Hurricane Nate weakened to a tropical depression on Sunday after coming ashore in Mississippi as the fourth hurricane to hit the United States this year, flooding roads and buildings but sparing the state from catastrophic damages.
As the storm moved northeast into Alabama, Nate’s maximum sustained winds dropped to 35 miles per hour (55 km per hour), prompting the National Hurricane Center to end its tropical storm warnings for the region. The storm made landfall as a Category 1 hurricane, the weakest designation by the center. Only a few hours earlier, its winds had been blowing at 70 mph but appeared to lack the devastating punch of its recent predecessors.
“We are very fortunate this morning and have been blessed,” Mississippi Governor Phil Bryant told reporters, saying there had been no deaths or reports of catastrophic damage.
The fourth major storm to strike the United States in less than two months, Nate killed at least 30 people in Central America before entering the warm waters of the Gulf of Mexico and bearing down on the U.S. South. It has also shut down most oil and gas production in the Gulf.
Nate follows hurricanes Harvey, Irma and Maria, which have devastated areas of the Caribbean and southern United States.
The tropical depression’s center will move up through Alabama into Tennessee and Kentucky through Monday, the National Hurricane Center said. Heavy rainfall and storm surge flooding remained a danger across the region, and the center said Florida’s Panhandle and parts of Alabama and Georgia might feel tropical storm-force wind gusts.
Nate made its first U.S. landfall on Saturday evening near the mouth of the Mississippi River and then made a second one early on Sunday near Biloxi, Mississippi.
Flood waters swept over streets in communities across Alabama and Mississippi, including over Highway 90 and to oceanside casinos in Biloxi, according to reports on social media.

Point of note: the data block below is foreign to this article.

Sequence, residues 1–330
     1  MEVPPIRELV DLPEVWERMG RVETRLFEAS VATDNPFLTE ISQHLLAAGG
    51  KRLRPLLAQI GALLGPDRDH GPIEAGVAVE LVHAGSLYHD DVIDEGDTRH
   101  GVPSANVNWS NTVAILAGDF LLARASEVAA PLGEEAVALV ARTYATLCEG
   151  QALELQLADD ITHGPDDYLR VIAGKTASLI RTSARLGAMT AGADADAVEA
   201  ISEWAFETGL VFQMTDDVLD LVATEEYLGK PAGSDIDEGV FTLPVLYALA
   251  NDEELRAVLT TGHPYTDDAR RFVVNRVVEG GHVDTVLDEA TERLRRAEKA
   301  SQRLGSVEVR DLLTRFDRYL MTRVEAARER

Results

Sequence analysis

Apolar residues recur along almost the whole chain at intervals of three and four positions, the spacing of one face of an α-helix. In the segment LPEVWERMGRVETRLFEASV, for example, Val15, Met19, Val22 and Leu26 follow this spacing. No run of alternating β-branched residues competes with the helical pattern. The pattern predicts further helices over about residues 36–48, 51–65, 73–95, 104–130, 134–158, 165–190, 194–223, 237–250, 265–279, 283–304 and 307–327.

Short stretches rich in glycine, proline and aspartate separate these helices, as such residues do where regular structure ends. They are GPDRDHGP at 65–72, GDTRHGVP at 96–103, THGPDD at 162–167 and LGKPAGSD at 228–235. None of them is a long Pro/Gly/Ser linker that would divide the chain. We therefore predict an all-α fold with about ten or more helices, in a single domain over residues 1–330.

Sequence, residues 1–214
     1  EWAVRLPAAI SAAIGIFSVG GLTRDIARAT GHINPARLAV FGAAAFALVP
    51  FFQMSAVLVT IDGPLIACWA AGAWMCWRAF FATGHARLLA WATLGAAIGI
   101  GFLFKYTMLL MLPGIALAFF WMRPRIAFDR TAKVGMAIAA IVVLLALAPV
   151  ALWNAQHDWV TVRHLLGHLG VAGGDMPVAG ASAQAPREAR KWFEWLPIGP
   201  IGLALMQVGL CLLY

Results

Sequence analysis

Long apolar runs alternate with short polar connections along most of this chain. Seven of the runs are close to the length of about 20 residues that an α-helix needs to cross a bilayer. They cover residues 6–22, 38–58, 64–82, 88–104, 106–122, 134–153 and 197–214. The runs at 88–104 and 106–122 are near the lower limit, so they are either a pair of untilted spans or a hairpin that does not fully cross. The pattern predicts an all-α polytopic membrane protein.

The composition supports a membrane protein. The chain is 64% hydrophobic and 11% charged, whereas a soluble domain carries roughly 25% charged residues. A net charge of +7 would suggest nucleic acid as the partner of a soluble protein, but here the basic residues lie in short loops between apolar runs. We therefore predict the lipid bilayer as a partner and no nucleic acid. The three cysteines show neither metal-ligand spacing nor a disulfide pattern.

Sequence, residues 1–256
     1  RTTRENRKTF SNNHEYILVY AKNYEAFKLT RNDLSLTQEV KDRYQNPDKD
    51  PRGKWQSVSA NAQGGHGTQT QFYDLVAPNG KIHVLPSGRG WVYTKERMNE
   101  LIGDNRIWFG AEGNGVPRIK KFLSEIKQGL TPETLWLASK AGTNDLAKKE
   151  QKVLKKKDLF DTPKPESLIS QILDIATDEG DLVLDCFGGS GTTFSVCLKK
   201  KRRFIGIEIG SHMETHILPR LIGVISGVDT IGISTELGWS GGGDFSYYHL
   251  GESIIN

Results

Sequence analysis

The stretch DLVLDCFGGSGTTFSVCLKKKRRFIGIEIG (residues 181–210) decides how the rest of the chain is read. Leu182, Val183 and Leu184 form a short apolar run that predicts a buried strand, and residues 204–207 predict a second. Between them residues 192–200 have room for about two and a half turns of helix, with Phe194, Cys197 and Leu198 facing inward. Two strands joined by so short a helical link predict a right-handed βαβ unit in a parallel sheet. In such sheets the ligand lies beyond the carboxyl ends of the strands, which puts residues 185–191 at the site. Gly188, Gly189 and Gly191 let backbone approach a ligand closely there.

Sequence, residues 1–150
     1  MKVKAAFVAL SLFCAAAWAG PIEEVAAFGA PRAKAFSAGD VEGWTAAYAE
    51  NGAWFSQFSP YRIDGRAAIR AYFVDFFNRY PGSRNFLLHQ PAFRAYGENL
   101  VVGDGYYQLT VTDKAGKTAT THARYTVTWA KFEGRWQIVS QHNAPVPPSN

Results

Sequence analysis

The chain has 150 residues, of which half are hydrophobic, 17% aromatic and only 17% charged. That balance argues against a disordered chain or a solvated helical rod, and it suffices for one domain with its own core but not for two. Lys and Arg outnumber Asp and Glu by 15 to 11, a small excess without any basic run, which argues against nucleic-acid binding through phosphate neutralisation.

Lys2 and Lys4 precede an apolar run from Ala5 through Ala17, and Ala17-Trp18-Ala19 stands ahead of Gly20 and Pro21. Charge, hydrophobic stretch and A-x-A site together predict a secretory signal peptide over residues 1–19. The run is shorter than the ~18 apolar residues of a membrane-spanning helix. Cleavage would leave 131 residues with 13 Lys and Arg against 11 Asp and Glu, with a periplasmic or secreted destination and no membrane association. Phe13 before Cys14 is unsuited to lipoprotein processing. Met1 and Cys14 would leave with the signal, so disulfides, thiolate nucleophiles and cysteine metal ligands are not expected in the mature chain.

Jeff Pickich, a 46-year-old wine salesman from D’Iberville, Mississippi, was counting his blessings. Heavy winds left only minor damage, blowing down part of a fence on his rental property in Biloxi.
“I’m just glad,” he said, digging fresh holes for fence posts. “I was afraid of the water. The water is Mother Nature. You can’t stop it.”
Water flowed through Ursula Staten’s yard in Biloxi, pushing over part of her fence and scattering debris, but did not breach her house.
“I have a mess,” the retired massage therapist said. “If we had got Irma, I would have lost everything.”
On Saturday, states of emergency were declared in Louisiana, Mississippi and Alabama, as well as in more than two dozen Florida counties. Florida Governor Rick Scott warned of tornadoes springing up in the Pandhandle region.
In Alabama, Governor Kay Ivey urged residents in areas facing heavy winds and storm surges to take precautions. U.S. President Donald Trump declared federal emergencies in Alabama and Florida on Sunday, which provides additional funding for disaster relief.
About 47,000 customers were without power in Mississippi, while more than 1,000 people had arrived at shelters, the state Emergency Management Agency said.
Utility Alabama Power said some 82,000 customers were without electricity.
Rainfall of 3 to 6 inches (8 to 15 cm), with a maximum of 10 inches, were expected east of the Mississippi River in Alabama and Tennessee, the NHC said.
NEW ORLEANS THREAT DOWNGRADED
New Orleans Mayor Mitch Landrieu lifted a curfew on Saturday evening that was originally scheduled to last until Sunday morning. He said in a statement on social media however, that there was still a serious threat of storm surge outside levee areas.
Bernice Barthelemy, a 70-year-old Louisiana resident, died from cardiac arrest overnight after telling Reuters on Saturday that she did not mind having to evacuate, Plaquemines Parish President Amos Cormier said on Sunday. He attributed her death to the stress of the move.
The ports of New Orleans in Louisiana and Mobile in Alabama remained closed, and refineries and port authorities in Louisiana, Mississippi and Alabama were reviewing when they could reopen.
The storm curtailed 92 percent of daily oil production and 77 percent of daily natural gas output in the Gulf of Mexico, more than three times the amount affected by Harvey.
Workers were evacuated from 301 platforms and 13 rigs as of Saturday, said the U.S. Bureau of Safety and Environmental Enforcement.
The storm doused Central America with heavy rains on Thursday, killing at least 16 people in Nicaragua, 10 in Costa Rica, two in Honduras and two in El Salvador.